Japanese insincere greetings
In the front page Japan Times story “Driver in Nagoya rents car, runs over 13 people” (Tuesday, February 25, 2014) about a suspected case of vehicular attempted homicide in that city an acquaintance of the suspect is quoted saying “He was not the kind of person who would cause such an incident. He would always greet people.” It irks me because the second observation has nothing to do with the first observation. It’s an irrational statement. But the exact same thing happens all over the world. In America neighbors of shooting spree suspects or exposed serial killers proclaim, “He was a nice man,” or alternately, “He kept to himself. He didn’t have any friends.” I suppose all of these statements are culturally-shaped strategies to distance ourselves from shocking events and thereby put things in an order or framework to make sense of it all. One thing we know for certain is that the people who commit these incidents and heinous crimes are, in fact, exactly the kind of people who do them.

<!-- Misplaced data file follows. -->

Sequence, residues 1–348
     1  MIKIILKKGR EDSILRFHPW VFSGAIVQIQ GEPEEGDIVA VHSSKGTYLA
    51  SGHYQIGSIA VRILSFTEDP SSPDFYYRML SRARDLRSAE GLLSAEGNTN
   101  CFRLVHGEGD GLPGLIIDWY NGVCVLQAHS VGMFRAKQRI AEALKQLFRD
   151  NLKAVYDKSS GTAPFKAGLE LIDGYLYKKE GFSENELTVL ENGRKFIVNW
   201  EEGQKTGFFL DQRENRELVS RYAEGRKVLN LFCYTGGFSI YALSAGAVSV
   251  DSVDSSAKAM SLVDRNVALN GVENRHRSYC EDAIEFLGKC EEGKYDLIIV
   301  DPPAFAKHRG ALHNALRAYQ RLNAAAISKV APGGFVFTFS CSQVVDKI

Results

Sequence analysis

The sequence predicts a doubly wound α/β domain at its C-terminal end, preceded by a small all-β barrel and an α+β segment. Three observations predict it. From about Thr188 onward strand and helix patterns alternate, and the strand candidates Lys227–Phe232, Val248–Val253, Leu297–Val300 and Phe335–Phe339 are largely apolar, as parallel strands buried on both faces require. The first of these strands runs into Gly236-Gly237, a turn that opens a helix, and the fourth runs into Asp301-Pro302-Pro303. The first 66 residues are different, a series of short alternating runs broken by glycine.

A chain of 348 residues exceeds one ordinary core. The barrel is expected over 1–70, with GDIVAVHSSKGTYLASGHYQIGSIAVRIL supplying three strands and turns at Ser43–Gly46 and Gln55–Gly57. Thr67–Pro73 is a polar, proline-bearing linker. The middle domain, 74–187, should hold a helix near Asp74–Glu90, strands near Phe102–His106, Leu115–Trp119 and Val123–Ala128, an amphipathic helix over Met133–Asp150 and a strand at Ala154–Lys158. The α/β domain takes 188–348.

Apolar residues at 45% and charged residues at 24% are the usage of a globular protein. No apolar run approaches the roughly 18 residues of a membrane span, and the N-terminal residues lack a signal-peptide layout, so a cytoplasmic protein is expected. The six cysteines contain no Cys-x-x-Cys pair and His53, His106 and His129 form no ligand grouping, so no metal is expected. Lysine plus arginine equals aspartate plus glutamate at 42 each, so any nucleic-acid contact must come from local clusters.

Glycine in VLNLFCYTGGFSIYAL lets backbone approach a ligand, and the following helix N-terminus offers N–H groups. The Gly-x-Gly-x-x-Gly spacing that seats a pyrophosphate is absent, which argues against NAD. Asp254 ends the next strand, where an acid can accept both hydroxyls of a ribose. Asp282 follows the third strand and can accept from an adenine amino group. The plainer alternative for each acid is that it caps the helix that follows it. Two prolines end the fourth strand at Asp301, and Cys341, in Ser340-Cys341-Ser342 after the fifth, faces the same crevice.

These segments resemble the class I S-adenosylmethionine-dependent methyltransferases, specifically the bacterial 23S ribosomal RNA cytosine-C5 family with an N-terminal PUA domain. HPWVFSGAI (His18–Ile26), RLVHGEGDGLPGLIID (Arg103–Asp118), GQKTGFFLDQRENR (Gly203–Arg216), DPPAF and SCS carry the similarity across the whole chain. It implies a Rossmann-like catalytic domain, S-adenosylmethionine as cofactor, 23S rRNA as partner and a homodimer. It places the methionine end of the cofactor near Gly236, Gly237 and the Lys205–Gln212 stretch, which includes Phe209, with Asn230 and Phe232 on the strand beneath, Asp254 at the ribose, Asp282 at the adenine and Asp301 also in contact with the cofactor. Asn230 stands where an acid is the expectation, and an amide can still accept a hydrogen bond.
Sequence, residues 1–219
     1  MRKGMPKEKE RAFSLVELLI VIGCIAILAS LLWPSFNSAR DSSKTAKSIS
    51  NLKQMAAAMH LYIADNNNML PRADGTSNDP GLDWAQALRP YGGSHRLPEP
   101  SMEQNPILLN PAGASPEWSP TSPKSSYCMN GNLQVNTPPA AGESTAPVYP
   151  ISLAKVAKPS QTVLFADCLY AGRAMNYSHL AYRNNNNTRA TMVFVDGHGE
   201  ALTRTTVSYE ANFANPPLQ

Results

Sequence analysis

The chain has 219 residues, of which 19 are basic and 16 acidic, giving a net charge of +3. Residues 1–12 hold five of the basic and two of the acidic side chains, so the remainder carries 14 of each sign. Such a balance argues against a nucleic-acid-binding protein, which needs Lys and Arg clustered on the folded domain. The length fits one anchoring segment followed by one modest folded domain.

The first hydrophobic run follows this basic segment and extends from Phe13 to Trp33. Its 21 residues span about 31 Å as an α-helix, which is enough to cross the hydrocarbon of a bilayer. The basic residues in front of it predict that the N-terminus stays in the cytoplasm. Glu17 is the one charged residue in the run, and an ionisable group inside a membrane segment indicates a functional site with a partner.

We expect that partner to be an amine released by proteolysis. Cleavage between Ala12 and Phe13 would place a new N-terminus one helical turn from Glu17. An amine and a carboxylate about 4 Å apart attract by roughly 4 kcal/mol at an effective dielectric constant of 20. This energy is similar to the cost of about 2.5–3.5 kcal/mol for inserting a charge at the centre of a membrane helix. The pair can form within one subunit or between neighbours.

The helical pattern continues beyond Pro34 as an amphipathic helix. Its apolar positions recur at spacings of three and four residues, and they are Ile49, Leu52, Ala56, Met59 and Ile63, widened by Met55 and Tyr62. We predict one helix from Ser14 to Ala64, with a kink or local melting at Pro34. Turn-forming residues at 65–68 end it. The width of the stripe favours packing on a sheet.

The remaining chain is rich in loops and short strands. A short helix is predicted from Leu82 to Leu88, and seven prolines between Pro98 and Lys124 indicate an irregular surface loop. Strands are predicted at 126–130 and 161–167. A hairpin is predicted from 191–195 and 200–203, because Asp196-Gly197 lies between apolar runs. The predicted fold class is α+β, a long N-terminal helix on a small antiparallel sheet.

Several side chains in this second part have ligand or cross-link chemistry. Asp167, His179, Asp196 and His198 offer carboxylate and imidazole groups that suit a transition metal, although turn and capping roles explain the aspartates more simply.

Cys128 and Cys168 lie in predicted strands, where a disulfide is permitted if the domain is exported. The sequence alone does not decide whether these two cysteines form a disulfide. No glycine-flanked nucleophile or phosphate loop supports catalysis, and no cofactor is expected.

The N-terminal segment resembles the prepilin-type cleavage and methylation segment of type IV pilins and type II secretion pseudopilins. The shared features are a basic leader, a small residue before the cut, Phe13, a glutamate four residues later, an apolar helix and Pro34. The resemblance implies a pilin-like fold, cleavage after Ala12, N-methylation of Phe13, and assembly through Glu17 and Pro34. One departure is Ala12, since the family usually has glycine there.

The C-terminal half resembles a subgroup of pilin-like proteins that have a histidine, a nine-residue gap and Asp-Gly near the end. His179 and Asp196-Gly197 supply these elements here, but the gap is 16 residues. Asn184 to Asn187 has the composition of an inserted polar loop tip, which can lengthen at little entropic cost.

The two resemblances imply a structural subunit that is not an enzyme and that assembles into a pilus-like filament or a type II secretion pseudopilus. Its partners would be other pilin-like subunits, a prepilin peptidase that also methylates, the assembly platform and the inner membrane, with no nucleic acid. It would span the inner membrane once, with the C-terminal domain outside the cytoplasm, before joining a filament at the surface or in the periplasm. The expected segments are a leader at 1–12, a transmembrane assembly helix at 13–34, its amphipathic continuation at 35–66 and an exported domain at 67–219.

In Japan greetings are very important. When you enter your workplace you are expected to shout out a loud and hearty “Ohayo!!” Never mind how you really feel. Failure to do so makes you suspicious. It’s strange because in the name of totally artificial social harmony people prize or pretend to prize the appearance of friendly greetings even in the full knowledge of their insincerity. I used to work in a Japanese office where the manager periodically conducted 15-minute tutorials on proper greeting technique. I hated him for that. He didn’t understand that by doing so he was doing more to undermine good human relations in the office than nurture them. In fact, that’s a common failing in Japan where management often wastes people’s precious time by holding overly long, obnoxious meetings that ought to take no more than a few minutes.
To live in society requires constant pretence and suspension of belief. I want to say that life in Japan requires more pretence and fantasy than elsewhere, but that is probably untrue.